(For example, with strict checking on, when editing a method inside a Vue component, the editor will know that
this refers to a specific Vue instance. This is super powerful when it works. When strict checking is disabled,
this inside of a component method is inferred as
any type which will not help you at all.)
I would not tweak tsconfig too much more before you understand better the challenges in your specific project. Give yourself time to test and experiment before committing to any specific rule.
Step 3: Start Adding Typings
Now you are ready to start adding your first types! I’d suggest to start in a file that is large or otherwise not so easy to read at a first glance — this is where you’ll get most gains.
Oh yes, Vuex. Have a plan for Vuex. Almost all larger projects use Vuex and for example the
mapState helper, so you’ll immediately be in a world of trouble as Vuex does not have proper TypeScript support and no simple solution has been found by the community. This does not mean that you can’t use Vuex with TypeScript or that there are no solutions. It just means that there are no good universal solutions. You need to experiment and evaluate which of the dozens of proposed workarounds works best for you. And know that if it at some point stops working in your specific edge case, you’re alone with your problem as there is no officially supported way. This obviously sucks big time, but there is at least some light at the end of this tunnel as Vue 3 will eventually bring proper TypeScript support to Vuex as well.
Try not to ignore code. Alarm bells should ring if your TypeScript code starts gathering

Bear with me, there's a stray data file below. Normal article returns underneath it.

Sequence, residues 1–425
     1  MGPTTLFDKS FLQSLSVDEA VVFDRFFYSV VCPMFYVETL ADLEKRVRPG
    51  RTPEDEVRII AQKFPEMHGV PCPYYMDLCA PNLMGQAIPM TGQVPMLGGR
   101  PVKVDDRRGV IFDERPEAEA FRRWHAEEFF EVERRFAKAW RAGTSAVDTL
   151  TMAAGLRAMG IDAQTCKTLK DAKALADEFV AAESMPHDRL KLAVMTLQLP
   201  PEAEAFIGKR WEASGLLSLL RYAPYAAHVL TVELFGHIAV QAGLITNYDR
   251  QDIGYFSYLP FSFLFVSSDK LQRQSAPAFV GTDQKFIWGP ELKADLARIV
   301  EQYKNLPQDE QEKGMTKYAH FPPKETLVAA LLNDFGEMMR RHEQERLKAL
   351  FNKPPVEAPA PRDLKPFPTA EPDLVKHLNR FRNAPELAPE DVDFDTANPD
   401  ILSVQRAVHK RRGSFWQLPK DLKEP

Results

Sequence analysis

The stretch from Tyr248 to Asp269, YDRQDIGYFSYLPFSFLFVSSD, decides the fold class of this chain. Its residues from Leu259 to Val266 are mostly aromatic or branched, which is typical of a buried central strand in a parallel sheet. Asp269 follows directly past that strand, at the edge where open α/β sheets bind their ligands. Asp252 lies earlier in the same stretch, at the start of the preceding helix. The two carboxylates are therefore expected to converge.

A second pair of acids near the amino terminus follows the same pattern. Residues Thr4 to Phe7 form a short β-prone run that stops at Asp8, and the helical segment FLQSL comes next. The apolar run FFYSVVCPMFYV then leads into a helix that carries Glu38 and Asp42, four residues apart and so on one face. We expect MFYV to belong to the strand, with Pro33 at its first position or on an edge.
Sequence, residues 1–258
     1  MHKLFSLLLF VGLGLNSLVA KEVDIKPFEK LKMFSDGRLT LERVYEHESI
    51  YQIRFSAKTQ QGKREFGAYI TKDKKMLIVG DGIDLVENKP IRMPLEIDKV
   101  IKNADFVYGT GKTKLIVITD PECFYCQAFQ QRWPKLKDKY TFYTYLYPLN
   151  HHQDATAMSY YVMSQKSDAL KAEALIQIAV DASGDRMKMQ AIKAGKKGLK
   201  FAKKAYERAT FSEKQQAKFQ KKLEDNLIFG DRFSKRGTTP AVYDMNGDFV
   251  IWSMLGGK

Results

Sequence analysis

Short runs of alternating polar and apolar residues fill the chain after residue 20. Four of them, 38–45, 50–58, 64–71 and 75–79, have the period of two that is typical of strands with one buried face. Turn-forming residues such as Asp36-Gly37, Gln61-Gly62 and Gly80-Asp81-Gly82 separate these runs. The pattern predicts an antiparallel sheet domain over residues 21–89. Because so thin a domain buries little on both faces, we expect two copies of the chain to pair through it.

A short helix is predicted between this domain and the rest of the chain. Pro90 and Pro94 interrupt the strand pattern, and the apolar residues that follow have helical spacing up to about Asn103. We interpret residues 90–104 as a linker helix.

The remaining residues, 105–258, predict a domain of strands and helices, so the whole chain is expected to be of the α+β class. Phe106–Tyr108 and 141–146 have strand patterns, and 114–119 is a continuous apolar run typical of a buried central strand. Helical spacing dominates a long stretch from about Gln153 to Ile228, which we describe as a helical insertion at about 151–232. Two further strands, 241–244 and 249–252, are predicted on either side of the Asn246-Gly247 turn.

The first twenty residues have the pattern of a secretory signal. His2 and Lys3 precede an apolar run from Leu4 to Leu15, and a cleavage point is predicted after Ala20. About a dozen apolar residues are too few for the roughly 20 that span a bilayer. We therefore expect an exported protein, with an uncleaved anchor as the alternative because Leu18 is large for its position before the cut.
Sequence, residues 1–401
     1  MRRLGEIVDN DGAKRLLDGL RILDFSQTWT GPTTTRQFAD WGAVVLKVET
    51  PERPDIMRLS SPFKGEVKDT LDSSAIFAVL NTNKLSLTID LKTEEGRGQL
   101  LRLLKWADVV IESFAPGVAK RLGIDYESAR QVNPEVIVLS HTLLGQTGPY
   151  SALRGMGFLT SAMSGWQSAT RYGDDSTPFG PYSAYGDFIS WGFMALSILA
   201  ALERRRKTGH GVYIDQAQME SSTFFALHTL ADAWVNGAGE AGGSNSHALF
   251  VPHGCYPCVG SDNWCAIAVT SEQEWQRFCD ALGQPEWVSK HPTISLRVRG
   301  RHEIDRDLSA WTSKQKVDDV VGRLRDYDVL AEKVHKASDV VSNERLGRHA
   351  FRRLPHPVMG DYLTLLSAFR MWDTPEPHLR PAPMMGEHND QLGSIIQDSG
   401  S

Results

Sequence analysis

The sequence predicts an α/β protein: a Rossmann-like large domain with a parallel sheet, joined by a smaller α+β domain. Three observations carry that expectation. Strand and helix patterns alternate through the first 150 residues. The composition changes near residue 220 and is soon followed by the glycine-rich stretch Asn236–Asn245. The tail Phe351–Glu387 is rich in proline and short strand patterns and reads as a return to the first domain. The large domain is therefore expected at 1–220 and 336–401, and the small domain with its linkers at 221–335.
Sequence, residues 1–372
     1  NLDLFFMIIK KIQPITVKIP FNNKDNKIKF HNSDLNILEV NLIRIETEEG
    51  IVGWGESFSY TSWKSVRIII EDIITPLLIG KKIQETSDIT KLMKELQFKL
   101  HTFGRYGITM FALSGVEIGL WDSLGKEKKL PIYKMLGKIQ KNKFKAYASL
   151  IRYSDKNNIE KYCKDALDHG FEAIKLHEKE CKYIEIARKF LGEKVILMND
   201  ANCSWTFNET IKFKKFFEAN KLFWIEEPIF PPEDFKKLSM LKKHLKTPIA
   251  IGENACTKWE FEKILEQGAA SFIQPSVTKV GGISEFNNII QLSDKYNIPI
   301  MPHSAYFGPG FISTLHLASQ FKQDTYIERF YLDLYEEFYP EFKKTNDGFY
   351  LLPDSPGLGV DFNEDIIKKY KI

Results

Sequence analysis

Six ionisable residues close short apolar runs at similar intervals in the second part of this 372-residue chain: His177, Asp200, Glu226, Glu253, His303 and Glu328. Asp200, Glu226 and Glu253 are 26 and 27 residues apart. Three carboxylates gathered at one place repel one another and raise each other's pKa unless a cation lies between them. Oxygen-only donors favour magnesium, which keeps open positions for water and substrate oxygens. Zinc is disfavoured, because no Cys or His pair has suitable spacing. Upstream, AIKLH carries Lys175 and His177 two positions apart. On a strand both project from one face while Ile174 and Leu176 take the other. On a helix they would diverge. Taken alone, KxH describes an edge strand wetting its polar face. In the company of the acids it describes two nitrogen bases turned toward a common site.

// @ts-ignore-lines more than actual refactoring. It’s the same with linting: the point is to make your code better, not to work around your tooling. Sure, there are situations where practicality beats purity but make a mental note for yourself to keep those situations exceptions. If you find a file too hard to convert, just leave it be until you or your tools become smarter.
.js files and if you have tools that generate new files, convert them to generate
Secondly, try not to change too much in one go. It’s very easy to stumble down into the rabbit hole and use hours and hours adding typings with very little practical gains. As you learn more and as Vue world matures, you’ll be getting more and more out of TypeScript. And then some day when you understand more about your project and the tools, you’ll see more clearly when it is the right time to take the last step of converting all the remaining code to TypeScript. Remember, cleaning up your codebase is not a race, it’s a neverending journey.
Things Will Break — It’s a Good Thing
Legacy code is difficult in many ways and hunting down new bugs that previously weren’t there can feel frustrating. But remember that this is exactly why you want to use TypeScript in the first place: to see and fix those bugs early. It’s very likely that your old production code is relying on a bug you didn’t even know was there and turning on TypeScript will now break that code. Learn to embrace these growing pains because fixing them will make your code better and keep your productivity high in the long run.